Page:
Clearly, a great crime had been committed against this boy; yet nobody who had had a hand in it — the judge, the jury, the prosecutor, the complaining witness, the policemen and jailers — felt any responsibility about it, because they were not acting as men, but as officials. Clearly, too, the public did not regard them as criminals, but rather as upright and conscientious men.
The idea came to me then, vaguely but unmistakably, that if the primary intention of government was not to abolish crime but merely to monopolize crime, no better device could be found for doing it than the inculcation of precisely this frame of mind in the officials and in the public; for the effect of this was to exempt both from any allegiance to those sanctions of humanity or decency which anyone of either class, acting as an individual, would have felt himself bound to respect — nay, would have wished to respect. This idea was vague at the moment, as I say, and I did not work it out for some years, but I think I never quite lost track of it from that time.
- The common characteristics of "groupthink" include: an illusion of invulnerability; an unquestioned belief in the group's inherent morality; collective efforts to discount warnings; stereotyped views of the enemy as evil; self-censorship of deviations from group beliefs; a shared illusion of unanimity; suppression of dissent; and the emerge of self-appointed mind-guards who screen the group from dissidents.
- Connie Peck, in The United Nations As a Dispute Settlement System (1996), p. 32; at the end of this quote Peck is referring to (Janis 1972.1986).
- It becomes clear that the Asch, Milgram and Zimbardo experiments replicated, in a compressed time, the dynamics of authority and groupthink that play a critical role in our socialization. Asch showed that once the standard is set, people will adopt it and go along with it, even if it is illogical. When the stakes are raised, as they were in Milgram's work, people may struggle with unethical commands, but the majority still obey. And when authorities set parameters but leave the decision-making to the rest of us, we still have a tendency to impose strict control on those we consider deviant. All of these findings affirm the power of culture, socialization, and our widespread fear that we will be judged and punished.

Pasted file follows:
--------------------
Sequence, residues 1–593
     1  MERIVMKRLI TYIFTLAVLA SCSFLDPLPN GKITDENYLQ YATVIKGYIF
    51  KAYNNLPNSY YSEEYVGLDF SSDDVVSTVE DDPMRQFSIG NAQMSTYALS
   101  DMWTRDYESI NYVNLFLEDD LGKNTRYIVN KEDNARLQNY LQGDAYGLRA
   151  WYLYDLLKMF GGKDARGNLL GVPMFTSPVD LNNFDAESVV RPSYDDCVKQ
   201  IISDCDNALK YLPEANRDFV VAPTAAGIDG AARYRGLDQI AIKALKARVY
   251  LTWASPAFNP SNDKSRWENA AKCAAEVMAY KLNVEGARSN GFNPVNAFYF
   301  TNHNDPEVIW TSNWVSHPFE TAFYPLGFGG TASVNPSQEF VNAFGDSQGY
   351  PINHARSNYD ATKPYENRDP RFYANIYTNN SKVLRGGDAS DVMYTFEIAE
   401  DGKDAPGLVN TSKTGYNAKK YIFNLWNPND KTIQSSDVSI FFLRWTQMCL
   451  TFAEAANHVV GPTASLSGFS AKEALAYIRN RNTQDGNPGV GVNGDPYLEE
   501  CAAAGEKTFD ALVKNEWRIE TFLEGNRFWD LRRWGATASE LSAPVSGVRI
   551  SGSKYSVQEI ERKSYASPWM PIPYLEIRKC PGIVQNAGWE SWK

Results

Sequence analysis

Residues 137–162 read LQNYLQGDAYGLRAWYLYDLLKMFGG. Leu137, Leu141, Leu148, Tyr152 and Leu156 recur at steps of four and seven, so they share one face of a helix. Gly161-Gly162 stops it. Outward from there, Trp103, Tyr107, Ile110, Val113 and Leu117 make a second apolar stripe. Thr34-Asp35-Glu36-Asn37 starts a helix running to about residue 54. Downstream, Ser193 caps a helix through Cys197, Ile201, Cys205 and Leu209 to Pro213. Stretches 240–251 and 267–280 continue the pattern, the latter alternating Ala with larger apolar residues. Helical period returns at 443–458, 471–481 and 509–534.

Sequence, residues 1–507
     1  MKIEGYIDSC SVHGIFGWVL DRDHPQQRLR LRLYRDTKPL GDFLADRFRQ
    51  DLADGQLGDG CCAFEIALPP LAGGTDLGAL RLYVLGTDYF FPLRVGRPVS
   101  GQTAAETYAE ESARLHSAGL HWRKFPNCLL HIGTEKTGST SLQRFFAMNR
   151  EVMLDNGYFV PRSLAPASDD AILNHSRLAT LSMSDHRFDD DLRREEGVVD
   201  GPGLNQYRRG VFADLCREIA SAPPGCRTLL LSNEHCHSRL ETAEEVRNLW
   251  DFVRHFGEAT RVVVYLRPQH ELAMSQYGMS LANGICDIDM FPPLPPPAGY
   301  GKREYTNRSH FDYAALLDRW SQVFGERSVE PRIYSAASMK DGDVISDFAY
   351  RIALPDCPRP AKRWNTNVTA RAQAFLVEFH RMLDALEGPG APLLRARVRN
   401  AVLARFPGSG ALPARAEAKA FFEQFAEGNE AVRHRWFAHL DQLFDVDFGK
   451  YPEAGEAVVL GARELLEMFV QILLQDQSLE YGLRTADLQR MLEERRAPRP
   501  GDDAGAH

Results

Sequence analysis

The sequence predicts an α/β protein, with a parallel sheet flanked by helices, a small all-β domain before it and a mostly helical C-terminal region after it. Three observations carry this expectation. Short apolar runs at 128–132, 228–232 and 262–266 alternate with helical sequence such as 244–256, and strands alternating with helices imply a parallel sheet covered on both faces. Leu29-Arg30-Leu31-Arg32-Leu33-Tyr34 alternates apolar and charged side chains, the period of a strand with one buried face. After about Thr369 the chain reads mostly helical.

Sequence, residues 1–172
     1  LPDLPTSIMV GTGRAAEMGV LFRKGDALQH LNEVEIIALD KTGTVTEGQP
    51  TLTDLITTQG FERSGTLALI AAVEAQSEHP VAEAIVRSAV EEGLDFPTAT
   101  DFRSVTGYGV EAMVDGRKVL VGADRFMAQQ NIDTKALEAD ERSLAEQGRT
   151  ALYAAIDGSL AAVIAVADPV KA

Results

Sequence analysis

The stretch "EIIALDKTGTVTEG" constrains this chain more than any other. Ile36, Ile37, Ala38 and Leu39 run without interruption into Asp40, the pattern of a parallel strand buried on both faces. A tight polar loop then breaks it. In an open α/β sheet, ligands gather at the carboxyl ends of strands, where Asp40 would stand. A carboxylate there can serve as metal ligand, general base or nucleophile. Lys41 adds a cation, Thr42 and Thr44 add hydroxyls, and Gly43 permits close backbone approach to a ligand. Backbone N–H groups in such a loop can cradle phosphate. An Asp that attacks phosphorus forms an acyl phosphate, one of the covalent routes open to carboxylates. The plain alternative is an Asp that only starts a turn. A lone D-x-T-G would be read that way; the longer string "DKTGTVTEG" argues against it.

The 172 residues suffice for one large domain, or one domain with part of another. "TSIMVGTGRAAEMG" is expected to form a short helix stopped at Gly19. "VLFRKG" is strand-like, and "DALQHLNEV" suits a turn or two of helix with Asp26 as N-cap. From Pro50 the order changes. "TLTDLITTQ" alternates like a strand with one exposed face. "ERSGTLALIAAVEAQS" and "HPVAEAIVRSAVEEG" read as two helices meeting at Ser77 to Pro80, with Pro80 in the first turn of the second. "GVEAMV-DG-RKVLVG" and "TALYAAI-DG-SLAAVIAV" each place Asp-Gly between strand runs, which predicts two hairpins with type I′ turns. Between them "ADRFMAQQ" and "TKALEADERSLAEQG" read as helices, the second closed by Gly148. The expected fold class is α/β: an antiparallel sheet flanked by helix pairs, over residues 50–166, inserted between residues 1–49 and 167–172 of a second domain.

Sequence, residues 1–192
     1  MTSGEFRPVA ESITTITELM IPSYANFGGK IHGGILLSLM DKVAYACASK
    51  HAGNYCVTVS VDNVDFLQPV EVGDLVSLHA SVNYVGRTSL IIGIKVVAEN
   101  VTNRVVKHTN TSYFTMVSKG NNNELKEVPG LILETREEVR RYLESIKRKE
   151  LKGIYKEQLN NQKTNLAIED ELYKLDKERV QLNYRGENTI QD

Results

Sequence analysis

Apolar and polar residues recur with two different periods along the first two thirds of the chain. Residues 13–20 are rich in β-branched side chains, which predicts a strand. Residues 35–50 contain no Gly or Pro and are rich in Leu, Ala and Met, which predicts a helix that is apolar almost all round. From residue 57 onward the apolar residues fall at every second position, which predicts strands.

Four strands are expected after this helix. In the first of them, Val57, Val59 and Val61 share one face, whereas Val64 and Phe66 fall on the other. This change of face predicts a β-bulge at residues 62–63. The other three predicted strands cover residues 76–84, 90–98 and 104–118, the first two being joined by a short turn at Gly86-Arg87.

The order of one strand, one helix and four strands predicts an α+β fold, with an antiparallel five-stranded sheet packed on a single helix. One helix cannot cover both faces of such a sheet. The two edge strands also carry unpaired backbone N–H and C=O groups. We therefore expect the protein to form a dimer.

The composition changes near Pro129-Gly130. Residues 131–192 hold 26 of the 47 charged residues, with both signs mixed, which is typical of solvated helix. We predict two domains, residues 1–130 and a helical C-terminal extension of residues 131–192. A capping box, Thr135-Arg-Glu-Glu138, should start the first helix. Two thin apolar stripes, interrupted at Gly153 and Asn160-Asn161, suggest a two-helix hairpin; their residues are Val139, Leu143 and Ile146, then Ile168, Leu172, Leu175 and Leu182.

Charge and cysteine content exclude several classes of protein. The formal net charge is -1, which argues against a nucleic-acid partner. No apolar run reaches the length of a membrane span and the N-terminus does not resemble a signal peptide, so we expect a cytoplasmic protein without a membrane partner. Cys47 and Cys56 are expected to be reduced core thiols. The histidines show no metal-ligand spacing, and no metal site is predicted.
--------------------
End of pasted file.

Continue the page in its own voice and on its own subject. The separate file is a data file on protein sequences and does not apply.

Since human beings have a desperate need for safety, approval, and belonging (which yields access to group resources), the worst kind of punishment is ostracism. This shunning may be subtle or extreme.
- Toni Raiten-D'Antonio, in Ugly as Sin : The Truth about How We Look and Finding Freedom from Self-Hatred (2010), Ch. 8 : Difference as Deviance p. 89.
- Groupthink is characterized by a shared "illusion of invulnerability," an exaggerated belief in the competence of the group, a "shared illusion of unanimity" within the group, and a number of other symptoms
- Fredric Solomon and Robert Q. Marston in The Medical Implications of Nuclear War (1986), p. 544.
- Thinking things through is hard work and it sometimes seems safer to follow the crowd. That blind adherence to such group thinking is, in the long run, far more dangerous than independently thinking things through
- Groupthink being a coinage — and, admittedly, a loaded one — a working definition is in order. We are not talking about mere instinctive conformity — it is, after all, a perennial failing of mankind. What we are talking about is a rationalized conformity — an open, articulate philosophy which holds that group values are not only expedient but right and good as well.
- William H. Whyte, Jr., who coined the term in "Groupthink" in Fortune magazine (March 1952).
- I summarize more than 30 years of research on factors that can create a "perfect storm" which leads good people to engage in evil actions. This transformation of human character is what I call the "Lucifer Effect," named after God's favorite angel, Lucifer, who fell from grace and ultimately became Satan.
Rather than providing a religious analysis, however, I offer a psychological account of how ordinary people sometimes turn evil and commit unspeakable acts.